Steve Hillage: Live At Rockpalast

The ex-Gong guitarist takes solo flight in the 70s.

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When Steve Hillage stepped out onto the Rockpalast stage in 1977, he knew he’d achieved something under his own name that had eluded him as a member of Gong. Released the previous year, his second solo album L took him into the upper reaches of the charts (a prize denied the Flying Teapot trilogy).

There are therein plenty of nods in the direction of his old band for all the mentions of ley lines, Atlantis and the search for inner enlightenment, and there’s a decidedly earthier grittiness at the heart of this German TV appearance. Playing without recourse to any of the on-stage looning about of his recent past, and looking resplendent as a beatific, white-robed rock deity straight out of central casting, Hillage is very much the centre of attention. His euphoric excursions across the fretboard contain a smattering of post-psychedelia bliss via his trademark cyclical echo-FX processing, but they’re also flecked with a decidedly bluesy undertow. Alongside powerful selections from Fish Rising and L, Hillage is very much in homage mode, paying tribute to heroes, Donovan and The Beatles. Doused with a liberal sprinkling of synth-stardust, his chugging cover of Not Fade Away was performed exactly 20 years after Buddy Holly laid down the original, and it highlights another aspect of his less than cosmic rock‘n’roll roots.The DVD comes with a surround sound option, and whatever the mix lacks in finesse it makes up for in its unerring projection of the brute force this band had its disposal, thanks to ex-Jethro Tull drummer Clive Bunker, bassist (and future Camel stalwart) Colin Bass and keyboardist Phil Hodge. Though Miquette Giraudy and Basil Brooks add swathes of electronics, the emphasis is on precision-drilled arrangements expertly delivered with accuracy, muscle and a generous helping of panache.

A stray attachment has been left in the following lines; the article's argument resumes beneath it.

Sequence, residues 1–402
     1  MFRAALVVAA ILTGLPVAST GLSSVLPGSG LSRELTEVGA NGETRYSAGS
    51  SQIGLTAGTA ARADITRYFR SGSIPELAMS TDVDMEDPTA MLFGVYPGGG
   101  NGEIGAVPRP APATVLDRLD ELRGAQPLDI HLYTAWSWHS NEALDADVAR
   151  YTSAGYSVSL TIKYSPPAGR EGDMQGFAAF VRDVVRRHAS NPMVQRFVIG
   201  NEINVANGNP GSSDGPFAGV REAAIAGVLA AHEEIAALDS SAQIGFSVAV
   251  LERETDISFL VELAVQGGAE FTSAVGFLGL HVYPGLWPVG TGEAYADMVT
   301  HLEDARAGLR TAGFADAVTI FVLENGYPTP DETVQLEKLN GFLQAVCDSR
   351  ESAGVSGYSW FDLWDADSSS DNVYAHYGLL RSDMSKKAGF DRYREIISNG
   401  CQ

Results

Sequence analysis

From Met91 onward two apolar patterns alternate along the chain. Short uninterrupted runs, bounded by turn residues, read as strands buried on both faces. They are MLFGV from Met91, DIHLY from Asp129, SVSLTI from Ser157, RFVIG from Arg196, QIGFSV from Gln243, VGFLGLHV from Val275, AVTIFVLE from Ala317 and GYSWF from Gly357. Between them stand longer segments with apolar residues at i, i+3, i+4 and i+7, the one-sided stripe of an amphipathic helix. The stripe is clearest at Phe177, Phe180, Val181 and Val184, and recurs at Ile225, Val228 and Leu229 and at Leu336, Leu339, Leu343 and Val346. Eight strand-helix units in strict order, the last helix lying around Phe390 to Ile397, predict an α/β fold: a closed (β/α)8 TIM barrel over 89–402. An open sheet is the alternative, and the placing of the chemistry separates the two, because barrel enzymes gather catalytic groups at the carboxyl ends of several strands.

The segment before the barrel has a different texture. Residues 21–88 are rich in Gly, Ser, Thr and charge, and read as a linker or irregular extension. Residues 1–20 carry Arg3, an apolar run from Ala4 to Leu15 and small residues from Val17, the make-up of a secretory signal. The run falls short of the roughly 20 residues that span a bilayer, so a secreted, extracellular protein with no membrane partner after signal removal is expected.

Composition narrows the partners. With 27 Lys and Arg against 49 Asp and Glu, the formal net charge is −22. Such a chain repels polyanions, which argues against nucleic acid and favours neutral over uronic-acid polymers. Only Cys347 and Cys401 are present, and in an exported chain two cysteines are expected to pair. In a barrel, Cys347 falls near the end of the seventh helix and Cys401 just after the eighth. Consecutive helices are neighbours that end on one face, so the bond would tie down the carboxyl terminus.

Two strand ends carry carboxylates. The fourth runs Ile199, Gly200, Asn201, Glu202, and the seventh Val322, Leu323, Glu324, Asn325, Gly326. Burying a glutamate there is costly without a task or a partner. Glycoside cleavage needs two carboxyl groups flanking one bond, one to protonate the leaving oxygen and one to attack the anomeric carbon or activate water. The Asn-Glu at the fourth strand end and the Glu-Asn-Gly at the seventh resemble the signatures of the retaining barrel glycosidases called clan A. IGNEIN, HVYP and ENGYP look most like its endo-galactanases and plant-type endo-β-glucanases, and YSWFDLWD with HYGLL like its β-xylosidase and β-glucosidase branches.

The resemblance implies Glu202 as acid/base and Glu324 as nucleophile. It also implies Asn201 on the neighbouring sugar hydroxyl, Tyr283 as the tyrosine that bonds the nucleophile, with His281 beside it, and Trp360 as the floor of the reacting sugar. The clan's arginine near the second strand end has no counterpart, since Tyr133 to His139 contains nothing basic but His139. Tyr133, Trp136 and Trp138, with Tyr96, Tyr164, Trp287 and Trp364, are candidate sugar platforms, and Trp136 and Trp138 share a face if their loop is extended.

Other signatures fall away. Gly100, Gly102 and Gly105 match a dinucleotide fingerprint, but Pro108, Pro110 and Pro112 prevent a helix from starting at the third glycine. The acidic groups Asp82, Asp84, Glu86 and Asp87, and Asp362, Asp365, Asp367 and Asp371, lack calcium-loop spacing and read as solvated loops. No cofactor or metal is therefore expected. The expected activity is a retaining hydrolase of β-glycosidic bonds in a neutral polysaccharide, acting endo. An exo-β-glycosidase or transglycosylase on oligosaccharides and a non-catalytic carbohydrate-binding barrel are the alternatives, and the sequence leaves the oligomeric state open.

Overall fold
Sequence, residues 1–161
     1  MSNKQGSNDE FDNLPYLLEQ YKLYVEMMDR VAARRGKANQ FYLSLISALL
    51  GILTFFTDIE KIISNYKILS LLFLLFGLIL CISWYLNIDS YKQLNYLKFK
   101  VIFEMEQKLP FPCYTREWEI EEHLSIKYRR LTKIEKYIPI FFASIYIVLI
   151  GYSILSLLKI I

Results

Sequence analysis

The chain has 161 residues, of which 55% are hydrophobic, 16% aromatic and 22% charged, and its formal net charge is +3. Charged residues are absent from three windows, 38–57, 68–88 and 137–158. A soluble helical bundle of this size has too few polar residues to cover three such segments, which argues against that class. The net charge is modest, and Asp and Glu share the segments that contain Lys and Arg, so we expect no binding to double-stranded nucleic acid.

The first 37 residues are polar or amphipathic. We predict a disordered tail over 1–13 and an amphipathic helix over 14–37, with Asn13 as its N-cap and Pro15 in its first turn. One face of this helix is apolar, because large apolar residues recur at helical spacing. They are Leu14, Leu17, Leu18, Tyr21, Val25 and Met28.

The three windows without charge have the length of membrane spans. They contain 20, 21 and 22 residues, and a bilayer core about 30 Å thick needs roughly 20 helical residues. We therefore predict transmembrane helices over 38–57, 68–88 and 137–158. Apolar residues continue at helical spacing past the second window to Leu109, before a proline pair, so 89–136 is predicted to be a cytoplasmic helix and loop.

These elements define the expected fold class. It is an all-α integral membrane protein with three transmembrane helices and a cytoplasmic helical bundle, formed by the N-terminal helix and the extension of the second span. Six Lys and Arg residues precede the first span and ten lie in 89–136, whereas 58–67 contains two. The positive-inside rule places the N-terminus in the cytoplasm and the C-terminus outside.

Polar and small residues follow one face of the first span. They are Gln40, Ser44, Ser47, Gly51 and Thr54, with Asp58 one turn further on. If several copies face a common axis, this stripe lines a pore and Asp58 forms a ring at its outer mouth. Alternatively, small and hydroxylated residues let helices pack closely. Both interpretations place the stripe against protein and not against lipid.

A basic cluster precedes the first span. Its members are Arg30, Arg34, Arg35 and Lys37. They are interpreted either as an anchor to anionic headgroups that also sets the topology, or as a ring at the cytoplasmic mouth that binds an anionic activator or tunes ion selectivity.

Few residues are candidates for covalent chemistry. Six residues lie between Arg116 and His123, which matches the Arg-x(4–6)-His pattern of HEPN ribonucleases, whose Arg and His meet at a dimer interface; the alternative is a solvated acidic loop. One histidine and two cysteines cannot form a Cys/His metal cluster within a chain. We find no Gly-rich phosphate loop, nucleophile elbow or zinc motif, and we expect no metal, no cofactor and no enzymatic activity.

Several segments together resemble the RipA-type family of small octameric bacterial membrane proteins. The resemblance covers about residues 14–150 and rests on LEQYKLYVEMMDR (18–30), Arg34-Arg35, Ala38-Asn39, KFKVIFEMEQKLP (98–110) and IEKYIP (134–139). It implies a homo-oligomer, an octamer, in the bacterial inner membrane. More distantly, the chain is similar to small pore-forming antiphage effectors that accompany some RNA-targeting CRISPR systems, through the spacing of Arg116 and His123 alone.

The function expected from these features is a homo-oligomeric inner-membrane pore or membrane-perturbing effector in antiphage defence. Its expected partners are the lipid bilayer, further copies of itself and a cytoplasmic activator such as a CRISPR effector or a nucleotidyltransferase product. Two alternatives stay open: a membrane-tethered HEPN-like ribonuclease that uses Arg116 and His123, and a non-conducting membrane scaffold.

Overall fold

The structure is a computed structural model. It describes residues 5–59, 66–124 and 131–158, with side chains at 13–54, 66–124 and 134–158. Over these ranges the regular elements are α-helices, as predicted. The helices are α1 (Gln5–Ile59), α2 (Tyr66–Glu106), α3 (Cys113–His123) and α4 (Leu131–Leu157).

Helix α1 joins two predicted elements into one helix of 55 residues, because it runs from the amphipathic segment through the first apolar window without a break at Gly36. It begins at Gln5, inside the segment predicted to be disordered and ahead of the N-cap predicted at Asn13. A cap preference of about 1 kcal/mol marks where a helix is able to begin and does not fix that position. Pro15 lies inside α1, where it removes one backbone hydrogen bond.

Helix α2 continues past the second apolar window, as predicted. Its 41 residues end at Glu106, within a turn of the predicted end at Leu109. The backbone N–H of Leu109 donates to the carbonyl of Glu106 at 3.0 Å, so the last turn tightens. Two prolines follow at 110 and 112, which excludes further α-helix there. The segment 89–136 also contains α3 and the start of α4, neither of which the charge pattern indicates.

Sid Smith

Sid's feature articles and reviews have appeared in numerous publications including Prog, Classic Rock, Record Collector, Q, Mojo and Uncut. A full-time freelance writer with hundreds of sleevenotes and essays for both indie and major record labels to his credit, his book, In The Court Of King Crimson, an acclaimed biography of King Crimson, was substantially revised and expanded in 2019 to coincide with the band’s 50th Anniversary. Alongside appearances on radio and TV, he has lectured on jazz and progressive music in the UK and Europe.  

A resident of Whitley Bay in north-east England, he spends far too much time posting photographs of LPs he's listening to on Twitter and Facebook.